John is enthusiastic about the four pieces on the disc and I can understand that without being able to summon up quite the same enthusiasm. I applaud the inclusion on the disc of the Zodiac Variations and 'Labyrinth'-neither of which was previously commercially available-but I find all four of the works "difficult and tough" (as Peter Racine Fricker admitted). Paul Conway quotes Fricker in his-as ever-magnificently comprehensive, informative and helpful booklet notes.
There is a powerful immediacy about the Searle First and Second symphonies which has always deeply impressed me but I find the (only slightly) later music very demanding.
I would have liked, if possible, to have had a comparison between the Alun Francis versions of Symphonies Nos. 3 and 5 on CPO with the renderings by Pritchard and Leonard in these broadcast recordings. It is still a source of some puzzlement to me that Lyrita should (as in the case of the Arthur Butterworth Symphonies Nos. 1 and 4) have chosen to issue old mono recordings when modern versions are available. I can fully understand the merits of alternative versions but I would have thought that Lyrita's focus-at least initially- would have been on issuing music otherwise unavailable-as with their Fricker, Wordsworth and Cooke releases for example.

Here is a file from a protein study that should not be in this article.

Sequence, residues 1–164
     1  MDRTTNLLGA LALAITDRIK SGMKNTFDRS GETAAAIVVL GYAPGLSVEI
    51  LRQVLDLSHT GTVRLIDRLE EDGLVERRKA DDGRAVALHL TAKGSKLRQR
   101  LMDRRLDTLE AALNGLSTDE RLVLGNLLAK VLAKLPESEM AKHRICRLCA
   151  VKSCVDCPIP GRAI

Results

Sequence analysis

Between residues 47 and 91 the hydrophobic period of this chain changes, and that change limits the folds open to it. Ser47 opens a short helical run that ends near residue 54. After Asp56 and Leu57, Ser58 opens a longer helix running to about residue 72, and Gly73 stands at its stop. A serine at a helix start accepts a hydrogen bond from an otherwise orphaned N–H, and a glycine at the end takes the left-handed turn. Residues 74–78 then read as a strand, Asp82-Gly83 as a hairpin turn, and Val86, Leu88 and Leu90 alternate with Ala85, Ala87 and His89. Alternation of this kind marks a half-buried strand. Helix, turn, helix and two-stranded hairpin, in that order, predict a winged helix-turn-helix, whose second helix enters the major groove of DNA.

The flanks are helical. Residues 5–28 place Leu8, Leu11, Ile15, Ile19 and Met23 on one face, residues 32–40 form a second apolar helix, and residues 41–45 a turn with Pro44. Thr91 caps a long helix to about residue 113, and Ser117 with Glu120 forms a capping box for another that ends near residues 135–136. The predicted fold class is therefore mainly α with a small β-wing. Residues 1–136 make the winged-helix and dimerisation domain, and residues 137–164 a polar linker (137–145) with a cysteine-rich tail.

One point though intrigues me. What justification is there for labelling the Symphony No.3 as "Venetian"? I have never heard the work so previously described. Paul Conway does not explicitly refer to the symphony by this title; nor did CPO, nor does Searle's publisher Schotts. The work was composed both in Venice and in Greece and the first movement was re-written as a consequence of Searle's visit to Mycenae. In his autobiography Searle does refer to a "Venetian symphony" but then qualifies that by recounting the influences of his visit to Greece on the composition. I am dubious about the justification in actually labelling the symphony "Venetian".....but I am of course keen to hear if that title can be defended.
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